Monaco Grand Prix – Haas’ team boss Guenther Steiner said that his team had to request their drivers be shown the black flag as they sailed on, blissfully unaware, of the team’s software problems.
There was a bizarre moment at the start of the FP1 session on Thursday morning, as race control showed the black flags to both Haas drivers Romain Grosjean and Kevin Magnussen. This is a disqualification flag, usually for driving standards, and is very rarely shown in Formula 1. The two drivers returned to the pits, where it was later explained that the team had requested the drivers be shown the black flags as a result of communication problems.
Speaking to the media after practice, Steiner explained that the team suffered a huge software blackout at the start of FP1 that left their cars on track with absolutely no software communication between the car and the pitlane. Unable to get their drivers on the radio, both Magnussen and Grosjean also failed to spot the team’s attempts to get their attention from the pitwall using waving arms and pitboards!
“We had issues with our IT equipment, we had no data, no radio, absolutely nothing.” explained Steiner. “So we had no way of contacting the drivers and we couldn’t see what the car was doing. So they needed to come in straight away and quick, we put the pit boards out but they didn’t see it! So we came up with the idea to contact race control and ask them to show the drivers the black flag so they’d come in. We had to be a little bit creative there to get the drivers focused and get them in.”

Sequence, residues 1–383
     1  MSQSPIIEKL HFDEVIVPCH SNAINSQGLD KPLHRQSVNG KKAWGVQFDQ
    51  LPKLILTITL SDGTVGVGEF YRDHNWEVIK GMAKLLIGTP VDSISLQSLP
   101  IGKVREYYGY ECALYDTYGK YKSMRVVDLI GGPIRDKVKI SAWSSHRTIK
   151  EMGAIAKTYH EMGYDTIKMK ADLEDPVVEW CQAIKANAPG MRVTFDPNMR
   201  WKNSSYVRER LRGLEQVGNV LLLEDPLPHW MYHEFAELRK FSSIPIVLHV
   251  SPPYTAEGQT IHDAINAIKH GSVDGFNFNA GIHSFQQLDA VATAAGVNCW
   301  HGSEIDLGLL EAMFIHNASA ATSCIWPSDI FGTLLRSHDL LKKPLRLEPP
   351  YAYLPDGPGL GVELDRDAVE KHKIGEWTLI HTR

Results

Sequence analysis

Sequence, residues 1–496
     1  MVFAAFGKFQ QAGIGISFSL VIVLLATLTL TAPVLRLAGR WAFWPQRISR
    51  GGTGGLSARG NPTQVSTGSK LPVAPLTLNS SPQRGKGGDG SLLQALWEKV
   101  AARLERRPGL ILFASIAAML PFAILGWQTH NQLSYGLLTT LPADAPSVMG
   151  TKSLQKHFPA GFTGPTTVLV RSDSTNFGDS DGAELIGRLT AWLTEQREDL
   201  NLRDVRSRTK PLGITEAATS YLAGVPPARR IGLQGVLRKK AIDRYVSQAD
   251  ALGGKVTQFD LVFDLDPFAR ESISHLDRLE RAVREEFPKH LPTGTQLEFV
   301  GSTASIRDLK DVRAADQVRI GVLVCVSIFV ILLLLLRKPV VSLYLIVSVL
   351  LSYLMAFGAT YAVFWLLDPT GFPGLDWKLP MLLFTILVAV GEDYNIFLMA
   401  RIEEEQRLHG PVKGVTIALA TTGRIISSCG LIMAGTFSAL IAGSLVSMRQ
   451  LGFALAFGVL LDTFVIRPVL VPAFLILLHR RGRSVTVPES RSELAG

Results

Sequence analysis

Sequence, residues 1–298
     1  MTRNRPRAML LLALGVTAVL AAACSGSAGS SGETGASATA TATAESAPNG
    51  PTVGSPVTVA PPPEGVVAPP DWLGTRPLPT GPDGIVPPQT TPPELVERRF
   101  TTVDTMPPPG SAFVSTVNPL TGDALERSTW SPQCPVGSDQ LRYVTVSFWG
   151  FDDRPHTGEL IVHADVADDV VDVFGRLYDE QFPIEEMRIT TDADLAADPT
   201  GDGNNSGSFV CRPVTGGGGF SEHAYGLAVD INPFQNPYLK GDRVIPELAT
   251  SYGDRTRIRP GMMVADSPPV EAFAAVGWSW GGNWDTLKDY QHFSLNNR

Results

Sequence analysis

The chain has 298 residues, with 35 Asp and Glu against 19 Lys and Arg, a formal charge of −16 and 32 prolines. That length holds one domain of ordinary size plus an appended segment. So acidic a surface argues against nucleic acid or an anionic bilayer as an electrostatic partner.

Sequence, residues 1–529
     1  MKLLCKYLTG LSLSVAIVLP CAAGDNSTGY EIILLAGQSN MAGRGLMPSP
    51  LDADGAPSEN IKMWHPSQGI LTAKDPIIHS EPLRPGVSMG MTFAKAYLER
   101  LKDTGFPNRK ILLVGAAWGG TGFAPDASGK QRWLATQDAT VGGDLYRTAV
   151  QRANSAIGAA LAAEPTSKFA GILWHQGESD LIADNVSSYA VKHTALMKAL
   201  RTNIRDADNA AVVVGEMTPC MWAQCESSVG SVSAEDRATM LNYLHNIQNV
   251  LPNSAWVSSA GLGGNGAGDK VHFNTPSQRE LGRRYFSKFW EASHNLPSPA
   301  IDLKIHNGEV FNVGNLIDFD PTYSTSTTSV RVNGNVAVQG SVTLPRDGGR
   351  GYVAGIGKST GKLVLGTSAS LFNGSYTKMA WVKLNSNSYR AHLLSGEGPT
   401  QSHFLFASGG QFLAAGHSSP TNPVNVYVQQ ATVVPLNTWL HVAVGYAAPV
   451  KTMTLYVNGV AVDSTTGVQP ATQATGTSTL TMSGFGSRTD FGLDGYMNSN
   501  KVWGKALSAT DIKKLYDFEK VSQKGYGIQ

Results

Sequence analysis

Steiner clearly found the incident amusing, as he explained that even the traffic situation meant that the drivers were driving around in their own little world and thoroughly unaware of any problem until they were shown the black flag: “They came in and they were “Oh, what happened” and then they realised nothing was working!”
“For them, it was just another day. They should look at the pitboard a bit, and I think they will now in future! If you don’t hear anybody on the radio for more than five laps at Monte Carlo, something must be wrong! Normally, as well, the drivers will get traffic and radio in complaining about the traffic, and this time, they had no traffic and they just kept on going! It all ended up good.”
Getting back out on track for the final twenty minutes of FP1 and running an unaffected programme in FP2, Steiner said the signs are good that they will be able to maintain their top ten pace throughout the weekend:
“We were pretty happy after FP1, we had no idea where we were really but second practice didn’t look too bad. It looks as though we can get the tyres to work and the drivers were happy with the balance of the cars so hopefully it stays like this throughout the weekend.”